Then I'm just beginning to enjoy thinking about Hamlet, whom I haven't thought about for years, and to reflect that it is perhaps this that our culture will have no truck with, the idea that the greatest pleasure might come, not from consumption or action or doing good or passion, but merely, wonderfully, from the mind's play with itself, from withdrawal - when all at once I find no less than seven chocolate cake wrappers under Stefi's pillow. For heaven's sake! "Stefi! Stefa-ania!" Her way is to burst into tears and confess at once. Unlike my son, who lies blind. "Horrible Daddy," Lucy pummels my legs, "to make Tefi cry."
"Michele said to do it!" This is always Stefi's line. A reversal of the original garden scene. And she takes me upstairs to show me even more wrappers tucked away behind Michele's tape-recorder. "But where did they come from?" There are more than 20 in all. Eventually, it turns out that Mummy's money drawer has been plundered. My children have started stealing.
The garden was paradise before appetite came on the scene: with it, sin, then history. And some would have us believe that withdrawal from appetite can restore paradise. "Meanwhile, the mind from pleasures less/ Withdraws into its happiness". Thus Marvell, approaching Byzantium in a Yorkshire garden. And I remember when my father read his dusty commentaries - and how fat they were - he would occasionally say, "Ha!" out loud and snap the tome shut to stare at the Victorian mouldings round the ceiling. I felt I would die of shame if ever my friends saw how ridiculous he was. Only recently, reading Coleridge's remark that his pleasure in reading was as much the pleasure of observing his own mind at work as his passive response to the content on the page, did I appreciate what Dad was up to. He had retreated into that world where "the mind is its own delight". A place one can only begin to glimpse at a certain age, perhaps. He would have been as lost as Hamlet had he found himself dealing with a murderous stepfather, an adulterous and complicitous mother. Certainly, he was always annoyed when the phone rang. Forced to engage, the paradise of reflection becomes the paralysis of inaction. What do I do with stealing children? Stefi is already sobbing into a cushion, moaning that her whole life is ruined.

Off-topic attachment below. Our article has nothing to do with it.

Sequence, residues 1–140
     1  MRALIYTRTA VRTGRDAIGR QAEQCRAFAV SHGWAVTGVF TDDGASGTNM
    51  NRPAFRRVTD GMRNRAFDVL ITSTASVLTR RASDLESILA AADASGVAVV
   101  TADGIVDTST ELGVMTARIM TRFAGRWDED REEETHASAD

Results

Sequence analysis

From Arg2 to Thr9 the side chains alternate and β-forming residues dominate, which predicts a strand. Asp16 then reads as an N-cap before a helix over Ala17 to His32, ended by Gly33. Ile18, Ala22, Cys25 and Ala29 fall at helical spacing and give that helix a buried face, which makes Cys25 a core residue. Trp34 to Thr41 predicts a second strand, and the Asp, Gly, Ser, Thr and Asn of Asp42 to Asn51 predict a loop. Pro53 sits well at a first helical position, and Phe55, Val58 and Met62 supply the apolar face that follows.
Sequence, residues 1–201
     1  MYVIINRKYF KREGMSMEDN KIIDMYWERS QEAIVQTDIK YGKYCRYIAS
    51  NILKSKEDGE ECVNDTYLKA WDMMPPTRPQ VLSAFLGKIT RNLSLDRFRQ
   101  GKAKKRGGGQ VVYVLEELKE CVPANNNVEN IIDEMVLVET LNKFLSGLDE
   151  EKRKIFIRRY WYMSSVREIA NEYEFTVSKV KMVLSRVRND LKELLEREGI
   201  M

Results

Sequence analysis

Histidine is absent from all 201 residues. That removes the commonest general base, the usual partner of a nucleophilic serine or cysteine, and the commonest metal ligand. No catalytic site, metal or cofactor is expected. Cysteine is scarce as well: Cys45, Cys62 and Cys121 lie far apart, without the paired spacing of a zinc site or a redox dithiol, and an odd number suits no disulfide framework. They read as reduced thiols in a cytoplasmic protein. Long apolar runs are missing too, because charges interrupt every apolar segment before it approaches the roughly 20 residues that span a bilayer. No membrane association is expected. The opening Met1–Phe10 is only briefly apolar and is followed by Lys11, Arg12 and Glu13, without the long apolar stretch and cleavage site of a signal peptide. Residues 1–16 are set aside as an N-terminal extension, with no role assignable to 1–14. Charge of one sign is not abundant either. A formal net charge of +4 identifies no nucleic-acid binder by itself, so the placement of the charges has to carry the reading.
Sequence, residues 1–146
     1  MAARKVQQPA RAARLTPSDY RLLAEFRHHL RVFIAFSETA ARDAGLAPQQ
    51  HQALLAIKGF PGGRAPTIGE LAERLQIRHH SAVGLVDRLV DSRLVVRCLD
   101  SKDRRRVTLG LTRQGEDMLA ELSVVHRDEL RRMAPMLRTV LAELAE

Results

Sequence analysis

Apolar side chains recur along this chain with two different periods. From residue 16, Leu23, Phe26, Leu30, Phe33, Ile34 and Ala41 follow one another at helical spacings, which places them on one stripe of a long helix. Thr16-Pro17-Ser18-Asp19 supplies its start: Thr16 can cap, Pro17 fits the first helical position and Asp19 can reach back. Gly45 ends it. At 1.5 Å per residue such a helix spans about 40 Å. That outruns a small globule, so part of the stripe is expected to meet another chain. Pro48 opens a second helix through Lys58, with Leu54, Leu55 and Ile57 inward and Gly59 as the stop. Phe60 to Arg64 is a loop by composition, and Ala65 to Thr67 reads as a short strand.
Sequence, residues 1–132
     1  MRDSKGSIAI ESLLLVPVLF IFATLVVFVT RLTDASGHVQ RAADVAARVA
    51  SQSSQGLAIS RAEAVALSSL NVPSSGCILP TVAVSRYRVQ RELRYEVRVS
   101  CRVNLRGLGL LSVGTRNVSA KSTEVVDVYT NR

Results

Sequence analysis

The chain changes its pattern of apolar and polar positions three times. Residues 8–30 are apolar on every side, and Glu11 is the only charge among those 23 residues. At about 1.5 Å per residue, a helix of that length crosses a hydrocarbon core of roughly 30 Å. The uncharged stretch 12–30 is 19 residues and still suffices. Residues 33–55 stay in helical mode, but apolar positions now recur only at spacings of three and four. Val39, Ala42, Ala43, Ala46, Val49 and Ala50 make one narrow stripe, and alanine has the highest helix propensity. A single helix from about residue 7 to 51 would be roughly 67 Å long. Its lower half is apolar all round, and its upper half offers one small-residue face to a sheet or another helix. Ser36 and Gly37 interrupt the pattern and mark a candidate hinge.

How kind modern movies are with the likes of Claudius and Gertrude! I have seen three or four recently which dwell with affectionate indulgence on appetite in old age. Octogenarian nuptials. We must arrive at death in the bright blaze of unjaded appetence. Falstaffian, but slim. Busy. Still contributing to neighbourhood projects. "He was an active member of the Rotary Club to the very end". Whereas Hamlet was appalled. "You cannot call it love... at your age." Mother! And on dispatching the ever busy, old Polonius: "Thou wretched, rash, intruding fool, farewell!"